Incorrect: The only approach to the city was by a long old highway.
Correct: The only approach to the city was by a long, old highway.
Incorrect: The suspect drove a light, blue truck.
Correct: The suspect drove a light blue truck.
In the second example, use of a comma would be incorrect, since "light" modifies "blue," and is therefore not part of a series of commas that modify the word "truck." However, on the off chance that the writer intended to write that the truck was light in weight as well as blue in color, then the first use would be correct. Thus, you can change the meaning of a sentence -- sometimes inadvertently -- by your use of commas.
8. Do not use a comma to replace the word "that."
Incorrect: The court decided, there is no constitutional right to a second appeal, except by means of a habeas petition.
Correct: The court decided that there is no constitutional right to a second appeal, except by means of a habeas petition.
The court decided there is no constitutional right to a second appeal, except by means of a habeas petition.In the second correct example, removing the word "that" from the sentence is acceptable because its absence does not confuse the reader. However, leave "that" in a sentence if removing it would create some doubt in the reader's mind concerning what the writer meant to convey.
9. As a general rule, do not use a comma to separate the parts of a double predicate, unless the sentence would be confusing without it, or the second part of the double predicate requires special emphasis. A double predicate exists where the sentence has one subject and two verbs related to that subject. (Please read rule 10 of this section as well.)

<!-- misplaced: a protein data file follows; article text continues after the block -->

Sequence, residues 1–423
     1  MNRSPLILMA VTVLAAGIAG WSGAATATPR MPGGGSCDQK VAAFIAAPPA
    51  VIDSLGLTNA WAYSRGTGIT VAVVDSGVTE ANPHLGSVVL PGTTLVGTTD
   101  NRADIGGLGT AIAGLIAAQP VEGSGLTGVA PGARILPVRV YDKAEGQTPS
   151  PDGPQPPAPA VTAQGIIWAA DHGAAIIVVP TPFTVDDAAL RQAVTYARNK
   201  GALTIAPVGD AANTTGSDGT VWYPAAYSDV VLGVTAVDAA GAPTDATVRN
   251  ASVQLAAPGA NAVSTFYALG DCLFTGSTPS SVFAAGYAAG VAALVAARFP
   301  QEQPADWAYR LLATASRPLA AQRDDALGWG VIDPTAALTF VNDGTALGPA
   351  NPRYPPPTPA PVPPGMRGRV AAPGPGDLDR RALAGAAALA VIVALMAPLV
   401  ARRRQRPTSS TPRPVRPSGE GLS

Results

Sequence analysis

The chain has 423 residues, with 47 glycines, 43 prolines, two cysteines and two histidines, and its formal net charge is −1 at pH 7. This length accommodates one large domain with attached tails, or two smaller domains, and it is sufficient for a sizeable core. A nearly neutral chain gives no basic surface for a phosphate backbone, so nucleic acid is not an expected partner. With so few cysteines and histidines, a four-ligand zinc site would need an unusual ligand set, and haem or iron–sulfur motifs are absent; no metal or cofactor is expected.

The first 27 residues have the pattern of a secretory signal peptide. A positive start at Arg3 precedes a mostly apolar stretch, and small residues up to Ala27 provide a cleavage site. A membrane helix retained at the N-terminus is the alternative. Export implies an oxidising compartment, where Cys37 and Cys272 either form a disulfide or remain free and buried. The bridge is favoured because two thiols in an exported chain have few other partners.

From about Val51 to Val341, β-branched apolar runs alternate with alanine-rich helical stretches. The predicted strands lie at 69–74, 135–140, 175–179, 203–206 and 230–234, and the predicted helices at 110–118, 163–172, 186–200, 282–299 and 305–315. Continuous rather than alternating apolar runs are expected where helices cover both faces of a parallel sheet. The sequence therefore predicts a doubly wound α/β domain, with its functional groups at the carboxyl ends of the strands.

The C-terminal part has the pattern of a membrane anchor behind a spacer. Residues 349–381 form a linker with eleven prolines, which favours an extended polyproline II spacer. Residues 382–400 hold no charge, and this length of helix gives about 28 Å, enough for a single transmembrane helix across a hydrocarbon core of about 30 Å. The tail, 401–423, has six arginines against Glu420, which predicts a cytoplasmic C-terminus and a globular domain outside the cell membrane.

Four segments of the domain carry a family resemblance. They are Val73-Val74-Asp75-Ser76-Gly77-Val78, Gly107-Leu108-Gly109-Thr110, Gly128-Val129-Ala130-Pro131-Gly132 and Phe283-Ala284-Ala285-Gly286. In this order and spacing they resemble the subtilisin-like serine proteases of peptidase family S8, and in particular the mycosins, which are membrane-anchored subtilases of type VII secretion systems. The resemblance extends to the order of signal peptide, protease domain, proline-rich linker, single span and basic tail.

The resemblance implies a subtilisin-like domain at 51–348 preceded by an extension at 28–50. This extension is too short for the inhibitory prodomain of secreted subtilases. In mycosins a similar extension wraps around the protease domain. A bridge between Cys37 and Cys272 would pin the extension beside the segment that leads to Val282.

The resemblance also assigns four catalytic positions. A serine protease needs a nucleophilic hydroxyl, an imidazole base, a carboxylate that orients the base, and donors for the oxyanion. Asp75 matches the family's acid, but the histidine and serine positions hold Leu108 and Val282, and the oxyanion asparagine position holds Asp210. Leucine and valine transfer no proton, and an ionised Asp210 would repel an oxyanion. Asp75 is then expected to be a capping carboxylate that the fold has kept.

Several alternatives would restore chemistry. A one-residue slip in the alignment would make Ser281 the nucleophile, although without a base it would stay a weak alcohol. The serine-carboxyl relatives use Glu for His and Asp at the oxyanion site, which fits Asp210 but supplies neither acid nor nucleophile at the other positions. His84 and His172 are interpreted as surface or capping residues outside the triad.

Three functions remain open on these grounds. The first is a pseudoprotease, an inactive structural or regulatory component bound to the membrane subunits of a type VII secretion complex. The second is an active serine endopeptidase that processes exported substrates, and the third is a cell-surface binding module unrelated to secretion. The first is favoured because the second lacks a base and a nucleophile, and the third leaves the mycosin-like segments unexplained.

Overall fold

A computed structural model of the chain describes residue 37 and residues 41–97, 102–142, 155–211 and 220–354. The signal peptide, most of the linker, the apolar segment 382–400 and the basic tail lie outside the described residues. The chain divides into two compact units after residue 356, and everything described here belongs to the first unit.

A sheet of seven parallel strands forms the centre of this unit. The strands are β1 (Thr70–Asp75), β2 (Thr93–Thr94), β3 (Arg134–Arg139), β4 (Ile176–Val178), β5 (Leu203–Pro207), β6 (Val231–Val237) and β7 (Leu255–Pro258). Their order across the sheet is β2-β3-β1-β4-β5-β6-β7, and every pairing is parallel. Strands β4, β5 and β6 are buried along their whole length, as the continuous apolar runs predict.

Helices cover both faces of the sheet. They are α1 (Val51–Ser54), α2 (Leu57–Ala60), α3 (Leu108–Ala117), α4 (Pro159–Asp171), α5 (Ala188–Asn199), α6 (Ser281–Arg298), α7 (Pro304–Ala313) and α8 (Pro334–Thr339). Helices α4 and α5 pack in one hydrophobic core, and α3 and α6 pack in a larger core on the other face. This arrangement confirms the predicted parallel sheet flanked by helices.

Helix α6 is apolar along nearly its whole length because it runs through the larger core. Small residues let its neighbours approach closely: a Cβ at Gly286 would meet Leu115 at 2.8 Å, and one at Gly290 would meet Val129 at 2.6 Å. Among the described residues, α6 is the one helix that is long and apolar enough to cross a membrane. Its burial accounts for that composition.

Incorrect: The customer finished his meal, and paid the check.
Correct: The customer finished his meal and paid the check.
Correct Use of Comma to Create Emphasis:
The defendant had been employed as a cashier for twenty years, and never once was accused of stealing money from the register.
In the preceding example, the writer creates a greater emphasis on the defendant's innocence by setting off the second part of the double predicate with a comma. Without the comma, the second thought seems like an afterthought.
Correct Use of Comma to Avoid Confusion:
The judge ruled that suppression of the evidence was required because it had been obtained illegally, and ordered the defendant released from prison.
In this example, the writer avoids confusion by using a comma to introduce the second in the series of compound verbs; without the comma, one might not be sure whether the verb "ordered" related to the subject "it" or the subject "the judge." By contrast, in the sentence above about the restaurant customer, the comma is not needed, because it is a simple sentence.
10. When joining two independent clauses with a conjunction, place a comma before the conjunction. Conjunctions include the words "and," "but," "or," "nor," and "yet."